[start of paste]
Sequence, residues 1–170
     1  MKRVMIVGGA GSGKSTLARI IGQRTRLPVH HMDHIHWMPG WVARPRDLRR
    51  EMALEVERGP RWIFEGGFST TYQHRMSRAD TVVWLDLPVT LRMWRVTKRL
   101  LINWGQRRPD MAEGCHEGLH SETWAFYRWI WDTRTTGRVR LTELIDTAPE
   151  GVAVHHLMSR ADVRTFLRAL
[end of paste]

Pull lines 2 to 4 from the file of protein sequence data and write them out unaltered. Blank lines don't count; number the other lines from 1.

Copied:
     1  MKRVMIVGGA GSGKSTLARI IGQRTRLPVH HMDHIHWMPG WVARPRDLRR
    51  EMALEVERGP RWIFEGGFST TYQHRMSRAD TVVWLDLPVT LRMWRVTKRL
   101  LINWGQRRPD MAEGCHEGLH SETWAFYRWI WDTRTTGRVR LTELIDTAPE